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May 17, 1914 - Image 3

Resource type:
The Michigan Daily, 1914-05-17

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Count, but Maria goes to Plon's lodg-
ings and secures the diamonds before
his death. When Bulford and a young
detective, Dick Brummage, arrive,
they*find only a package of old let-
ters, which Bulford takes home. Upon
perusing them he discovers evidence
of his wife's relations with the dead
thief and suffers an apoplectic stroke
while denouncing her. Maria gives
him a glass of poisoned wine, and he
With the connivance of her brother
Maria manages to have Frank Laxelot,
a young clerk whom Bulford has
quarreled with and discharged, shang-
hied upon a tramp steamer, making it
appear that Frank is guilty of the
murder and has run away. Frank es-
capes In a small boat and returns to
New York.
Detective Brummage, in love with
Frank's sister, Mary, sets out to con-
vict Maria and clear Frank. He in-
troduces Mary into Maria's home as a
maid, to secure evidence against the
Maria attempts to sell the diamonds
to a notorious "fence", Mother Rosen-
baum, who hates Don Plon and his
woman accomplice because they be-
trayed her son to the police in Rus-
sia. Maria, discovering that Mary is
in league with Brummage, makes
Mother Rosenbaum believe that Mary,
and not herself, was the former ac-
complice of Don Plon. Mother Rosen-
baum decoys Mary to her house and
imprisons her, where she is finally
rescued by Brummage.
Maria, having won the protection of
a powerful politician, appears at a re-
ception in his home, wearing the


; t iK K . ::
> ,
... .


Actress Heads the
of Theatrical Stars
In America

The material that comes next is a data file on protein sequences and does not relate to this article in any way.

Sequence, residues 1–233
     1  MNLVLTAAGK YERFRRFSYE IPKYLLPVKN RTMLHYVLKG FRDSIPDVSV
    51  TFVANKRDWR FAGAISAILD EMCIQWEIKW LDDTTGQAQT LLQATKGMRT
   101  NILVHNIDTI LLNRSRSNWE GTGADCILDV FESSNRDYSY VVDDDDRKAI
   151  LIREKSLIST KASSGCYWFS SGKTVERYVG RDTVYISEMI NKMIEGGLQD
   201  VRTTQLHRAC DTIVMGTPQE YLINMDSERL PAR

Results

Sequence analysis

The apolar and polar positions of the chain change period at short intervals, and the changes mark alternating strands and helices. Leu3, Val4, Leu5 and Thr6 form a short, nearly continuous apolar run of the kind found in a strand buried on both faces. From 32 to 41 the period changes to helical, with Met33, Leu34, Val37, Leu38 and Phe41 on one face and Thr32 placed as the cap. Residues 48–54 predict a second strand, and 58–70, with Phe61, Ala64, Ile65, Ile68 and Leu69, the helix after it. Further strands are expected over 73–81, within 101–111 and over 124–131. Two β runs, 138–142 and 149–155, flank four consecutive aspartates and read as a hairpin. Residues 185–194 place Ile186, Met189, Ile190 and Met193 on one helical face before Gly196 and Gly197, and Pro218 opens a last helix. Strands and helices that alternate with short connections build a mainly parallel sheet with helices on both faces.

In the hisory of the stage in Amer-
ica there have been emparatively few
names that have and will stand out
with a never dimming luminosity.
Mrs. Fiske's, of course, is one, and as
the past has not, the future probably
will not disclose one so unique in ac-
complishment. This gifted woman
stands absolutely alone, not only in
what she has done but in the influence
she has exerted.
Prior to her memorable productions
of "Tess" and "Becky Sharp", the
stage was weighted down by tradi-
tions as to elocution, what is techni-
caly known as "business"-the action,
by-play, etc., that accompany the
spoken words in the encompassing of
a character--and mise en scene. These
traditions and fossilized forms were
cast to the winds by Mrs. Fiske and
her new creed of naturalness was in
effect a proclamation of emancipation
to the American stage, and there has
been no return to the old order of
things. The shackles were struck for
good and all.
Another thing which Mrs. Fiske
buried "ten thousand fathoms deep"
was the inviolate axiom that the
"star" must be the "be all and end
all" of the play. To her everlasting
credit will stand the ensemble per-
formance and the more than one part
play. It has always been her aim to
secure the best cast possible for any
play in which she was to appear. Con-
trary to the pr'actice of many of our
modern stars who insist upon a med-
iocre support so that their own work
will shine in contrast, and in a goodly